We should note that the headline of the Brooks' article we found was not "The Era of Small Government is Over," but we won't quibble about that. Pawlenty could have seen the article or another one like it somewhere with a modified headline, and the phrase certainly captures the article's sentiment.
We also contacted the Star Tribune to see if it still stood by the story. The story's author, Patricia Lopez, is now the newspaper's political editor. Here's what she said: "The governor was quoted correctly, which is why we printed only a clarification. He was quoting a David Brooks column, but as you can see, it was in support of other statements he made about the role of government. He never asked to have any other statement in the article corrected."
But even if Pawlenty was quoting Brooks when he said the phrase "the era of small government is over" during the interview, he seemed to be doing so approvingly. The rest of the article portrays Pawlenty as someone who was willing to use government to intervene in the markets and gives examples to support that.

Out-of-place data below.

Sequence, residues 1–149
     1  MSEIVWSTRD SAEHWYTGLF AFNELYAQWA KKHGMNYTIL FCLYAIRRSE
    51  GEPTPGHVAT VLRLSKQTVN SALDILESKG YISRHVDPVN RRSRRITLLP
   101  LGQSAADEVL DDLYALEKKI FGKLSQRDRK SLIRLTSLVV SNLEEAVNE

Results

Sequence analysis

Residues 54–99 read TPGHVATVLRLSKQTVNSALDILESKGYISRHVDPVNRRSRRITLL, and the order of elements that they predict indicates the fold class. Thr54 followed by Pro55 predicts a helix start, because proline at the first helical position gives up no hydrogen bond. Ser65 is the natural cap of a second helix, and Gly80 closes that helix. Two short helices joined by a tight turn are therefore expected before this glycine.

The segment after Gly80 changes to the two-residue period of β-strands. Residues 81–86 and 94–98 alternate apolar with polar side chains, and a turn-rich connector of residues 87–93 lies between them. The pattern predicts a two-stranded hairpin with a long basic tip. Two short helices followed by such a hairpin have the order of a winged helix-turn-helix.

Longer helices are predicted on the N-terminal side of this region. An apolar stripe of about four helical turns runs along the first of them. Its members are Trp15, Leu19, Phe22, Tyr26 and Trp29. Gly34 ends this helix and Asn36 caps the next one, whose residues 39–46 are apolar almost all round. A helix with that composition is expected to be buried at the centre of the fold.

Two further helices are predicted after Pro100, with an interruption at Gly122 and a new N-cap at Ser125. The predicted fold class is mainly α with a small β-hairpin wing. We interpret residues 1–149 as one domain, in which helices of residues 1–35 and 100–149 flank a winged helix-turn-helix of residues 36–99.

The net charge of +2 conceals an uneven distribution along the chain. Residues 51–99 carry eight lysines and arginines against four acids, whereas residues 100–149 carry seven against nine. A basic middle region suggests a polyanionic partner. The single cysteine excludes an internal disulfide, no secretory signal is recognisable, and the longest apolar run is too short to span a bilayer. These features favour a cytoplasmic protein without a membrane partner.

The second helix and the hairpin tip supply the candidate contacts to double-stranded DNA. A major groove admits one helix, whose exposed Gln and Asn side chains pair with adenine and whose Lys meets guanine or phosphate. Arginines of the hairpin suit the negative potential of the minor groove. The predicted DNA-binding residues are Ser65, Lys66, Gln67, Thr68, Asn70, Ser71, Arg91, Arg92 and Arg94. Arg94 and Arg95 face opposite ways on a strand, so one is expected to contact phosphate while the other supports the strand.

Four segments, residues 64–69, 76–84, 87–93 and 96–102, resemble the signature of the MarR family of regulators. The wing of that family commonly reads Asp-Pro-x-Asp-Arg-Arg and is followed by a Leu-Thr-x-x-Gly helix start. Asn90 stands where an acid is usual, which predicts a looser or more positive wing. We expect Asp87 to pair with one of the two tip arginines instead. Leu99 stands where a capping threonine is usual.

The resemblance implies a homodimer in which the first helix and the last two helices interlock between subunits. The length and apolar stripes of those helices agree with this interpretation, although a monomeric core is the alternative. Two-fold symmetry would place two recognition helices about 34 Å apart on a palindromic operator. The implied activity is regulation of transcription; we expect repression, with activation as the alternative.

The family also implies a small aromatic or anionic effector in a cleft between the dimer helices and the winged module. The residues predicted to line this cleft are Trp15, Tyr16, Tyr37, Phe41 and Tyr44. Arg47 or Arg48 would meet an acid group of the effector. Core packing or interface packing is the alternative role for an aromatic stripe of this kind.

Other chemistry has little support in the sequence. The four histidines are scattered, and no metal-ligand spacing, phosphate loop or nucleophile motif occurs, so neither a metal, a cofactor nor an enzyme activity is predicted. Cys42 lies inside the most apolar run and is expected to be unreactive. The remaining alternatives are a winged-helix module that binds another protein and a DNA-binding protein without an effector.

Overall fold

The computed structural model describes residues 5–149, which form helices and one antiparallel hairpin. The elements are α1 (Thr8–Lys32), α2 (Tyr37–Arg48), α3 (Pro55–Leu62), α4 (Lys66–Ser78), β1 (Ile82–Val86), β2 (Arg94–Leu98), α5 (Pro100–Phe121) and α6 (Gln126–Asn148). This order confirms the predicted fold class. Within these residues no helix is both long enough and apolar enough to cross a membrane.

Here's a little more from the story.
"Oil companies have played a role in suppressing the development of alternative fuels," Pawlenty said, with heavy-handed contracts that prevent gasoline stations from providing pumps for renewable fuels such as ethanol. With the nation's economic security at stake, "that is disproportionate power," he said. "Government has to step in."
Similarly, when he testified before Congress for reimportation of drugs from Canada, where prices are government-regulated, Pawlenty said he got a taste of the pharmaceutical industry's might. "I've seen it firsthand," he said. "They've got a power that would frighten most citizens."